The Corner

Obama Votes “Present”

It’s better to give than to receive — especially with this Messiah. But the administration is correcting its missteps:

Mr Obama has now told his staff to learn from the errors made during Mr Brown’s visit and to ensure that the protocol is observed when he meets the Queen later this month… A source close to Mr Obama’s top team telephoned this newspaper last week to say that White House officials now regard it as “a mistake” to have returned the bust of Winston Churchill that the British government loaned George W. Bush – a story first reported by The Sunday Telegraph – and then to have sent the prime minister home with a gift of 25 DVDs after his visit to Washington.

“Clearly it was a mistake, and they want people to know that they know that,” the source said. “There is a collective desire to learn from the experience. They pride themselves on attention to detail. They didn’t have their eye on the ball… they all know they’ve got to do better.”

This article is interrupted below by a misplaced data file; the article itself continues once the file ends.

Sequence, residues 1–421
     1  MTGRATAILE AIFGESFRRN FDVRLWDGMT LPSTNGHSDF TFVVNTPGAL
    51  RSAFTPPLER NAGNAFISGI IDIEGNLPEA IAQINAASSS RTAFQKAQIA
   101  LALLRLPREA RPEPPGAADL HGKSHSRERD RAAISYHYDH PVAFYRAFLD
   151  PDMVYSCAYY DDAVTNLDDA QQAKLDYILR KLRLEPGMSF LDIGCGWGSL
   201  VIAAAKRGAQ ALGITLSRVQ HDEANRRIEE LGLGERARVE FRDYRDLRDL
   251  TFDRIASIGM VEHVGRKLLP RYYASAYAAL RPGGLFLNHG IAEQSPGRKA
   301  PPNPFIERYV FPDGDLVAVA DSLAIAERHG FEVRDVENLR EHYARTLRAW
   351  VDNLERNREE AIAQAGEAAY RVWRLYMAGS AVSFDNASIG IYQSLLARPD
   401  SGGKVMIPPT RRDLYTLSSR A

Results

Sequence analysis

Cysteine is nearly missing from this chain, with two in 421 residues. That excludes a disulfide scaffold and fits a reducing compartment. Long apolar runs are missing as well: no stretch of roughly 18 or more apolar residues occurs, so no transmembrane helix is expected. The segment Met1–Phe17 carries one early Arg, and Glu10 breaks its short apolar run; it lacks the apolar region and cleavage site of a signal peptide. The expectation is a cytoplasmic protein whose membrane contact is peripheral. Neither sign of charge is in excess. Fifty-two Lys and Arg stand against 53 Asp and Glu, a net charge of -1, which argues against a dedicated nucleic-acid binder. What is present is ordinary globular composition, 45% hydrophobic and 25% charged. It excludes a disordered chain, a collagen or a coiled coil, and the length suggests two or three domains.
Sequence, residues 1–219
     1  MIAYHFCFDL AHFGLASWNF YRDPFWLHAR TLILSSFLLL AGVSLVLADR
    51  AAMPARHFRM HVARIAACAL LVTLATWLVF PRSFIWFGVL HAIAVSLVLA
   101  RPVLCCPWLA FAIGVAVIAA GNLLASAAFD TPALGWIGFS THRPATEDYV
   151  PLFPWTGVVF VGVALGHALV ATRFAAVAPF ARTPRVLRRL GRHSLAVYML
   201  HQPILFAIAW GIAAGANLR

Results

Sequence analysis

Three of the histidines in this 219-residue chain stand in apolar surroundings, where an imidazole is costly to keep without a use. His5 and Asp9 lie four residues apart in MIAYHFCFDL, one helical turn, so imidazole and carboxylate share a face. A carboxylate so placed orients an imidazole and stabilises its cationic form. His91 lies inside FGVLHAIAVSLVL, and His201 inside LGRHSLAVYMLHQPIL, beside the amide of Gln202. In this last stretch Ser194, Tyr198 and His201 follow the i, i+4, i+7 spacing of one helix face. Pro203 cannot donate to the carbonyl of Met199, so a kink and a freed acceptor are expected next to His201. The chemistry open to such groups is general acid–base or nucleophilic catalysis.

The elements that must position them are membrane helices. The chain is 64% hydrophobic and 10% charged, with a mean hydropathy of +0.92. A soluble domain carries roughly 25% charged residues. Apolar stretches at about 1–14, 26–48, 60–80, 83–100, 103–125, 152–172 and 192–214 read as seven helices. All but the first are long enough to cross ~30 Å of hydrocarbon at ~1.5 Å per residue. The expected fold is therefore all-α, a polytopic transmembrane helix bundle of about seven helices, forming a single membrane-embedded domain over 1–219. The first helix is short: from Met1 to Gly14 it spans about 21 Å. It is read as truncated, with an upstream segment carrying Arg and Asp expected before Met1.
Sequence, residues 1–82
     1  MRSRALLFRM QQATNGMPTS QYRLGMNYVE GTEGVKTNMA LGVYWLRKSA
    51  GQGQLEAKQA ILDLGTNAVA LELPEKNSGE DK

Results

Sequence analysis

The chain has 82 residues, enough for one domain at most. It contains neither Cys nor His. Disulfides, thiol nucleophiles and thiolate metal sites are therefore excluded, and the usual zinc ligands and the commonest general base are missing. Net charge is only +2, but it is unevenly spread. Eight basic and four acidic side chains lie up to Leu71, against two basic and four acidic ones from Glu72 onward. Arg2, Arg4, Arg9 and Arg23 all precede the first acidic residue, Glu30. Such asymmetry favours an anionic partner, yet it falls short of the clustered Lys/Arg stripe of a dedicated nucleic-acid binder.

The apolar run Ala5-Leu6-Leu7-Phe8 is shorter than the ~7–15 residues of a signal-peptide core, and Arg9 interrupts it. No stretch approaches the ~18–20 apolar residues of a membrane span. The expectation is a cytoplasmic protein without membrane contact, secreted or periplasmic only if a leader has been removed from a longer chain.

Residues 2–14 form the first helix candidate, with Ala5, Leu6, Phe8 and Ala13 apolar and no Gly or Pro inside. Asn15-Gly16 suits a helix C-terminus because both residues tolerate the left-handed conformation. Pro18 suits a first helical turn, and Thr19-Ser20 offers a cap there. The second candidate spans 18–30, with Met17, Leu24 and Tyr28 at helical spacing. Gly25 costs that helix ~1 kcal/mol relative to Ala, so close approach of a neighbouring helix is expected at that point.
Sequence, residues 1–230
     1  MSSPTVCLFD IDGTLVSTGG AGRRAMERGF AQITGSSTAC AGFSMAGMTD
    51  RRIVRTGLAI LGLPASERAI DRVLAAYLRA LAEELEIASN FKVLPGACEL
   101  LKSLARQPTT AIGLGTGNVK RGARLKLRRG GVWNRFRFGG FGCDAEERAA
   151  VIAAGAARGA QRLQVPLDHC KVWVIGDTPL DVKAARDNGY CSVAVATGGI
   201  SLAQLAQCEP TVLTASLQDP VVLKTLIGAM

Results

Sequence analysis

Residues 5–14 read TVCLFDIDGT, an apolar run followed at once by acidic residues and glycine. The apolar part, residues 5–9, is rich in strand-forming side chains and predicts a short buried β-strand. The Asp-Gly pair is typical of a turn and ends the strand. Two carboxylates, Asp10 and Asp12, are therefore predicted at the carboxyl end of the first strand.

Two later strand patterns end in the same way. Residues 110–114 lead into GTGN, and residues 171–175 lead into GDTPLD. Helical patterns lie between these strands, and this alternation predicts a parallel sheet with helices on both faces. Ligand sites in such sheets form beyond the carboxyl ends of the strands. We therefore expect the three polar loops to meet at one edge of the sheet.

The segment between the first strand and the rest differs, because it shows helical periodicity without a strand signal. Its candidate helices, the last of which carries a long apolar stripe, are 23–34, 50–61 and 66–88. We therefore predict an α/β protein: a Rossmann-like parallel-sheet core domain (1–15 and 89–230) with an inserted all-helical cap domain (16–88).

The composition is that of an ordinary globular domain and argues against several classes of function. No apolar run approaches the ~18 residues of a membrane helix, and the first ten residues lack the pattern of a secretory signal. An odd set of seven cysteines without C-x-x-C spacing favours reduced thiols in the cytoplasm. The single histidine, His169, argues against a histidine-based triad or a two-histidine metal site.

Mr Obama is due to call at Buckingham Palace shortly before the G20 meeting.

The source said: “The point was made that the protocol people need to be absolutely sure they are on top of everything to do with meeting the Queen and make sure that everyone knows what is expected. The Queen won’t be getting any DVDs.”

Terrific. Why not appoint Chris Dodd as Gift Czar?

I was at Hillsdale College last week, and one of the young ladies said this would have been a totally cheesy present if you’d been given it by your boyfriend. Yet the government of the world’s superpower thinks you need better “attention to detail” and an “eye on the ball” to ensure you don’t give discount DVDs of E.T. and Lawrence Of Arabia to the head of government of your closest ally (and principal military partner in Afghanistan), especially when he has deteriorating eyesight and doesn’t watch movies. That’s not a “detail” — unless you’re as narcissistically self-absorbed as the British now think the Obama crowd are.

Mark Steyn is an international bestselling author, a Top 41 recording artist, and a leading Canadian human-rights activist.

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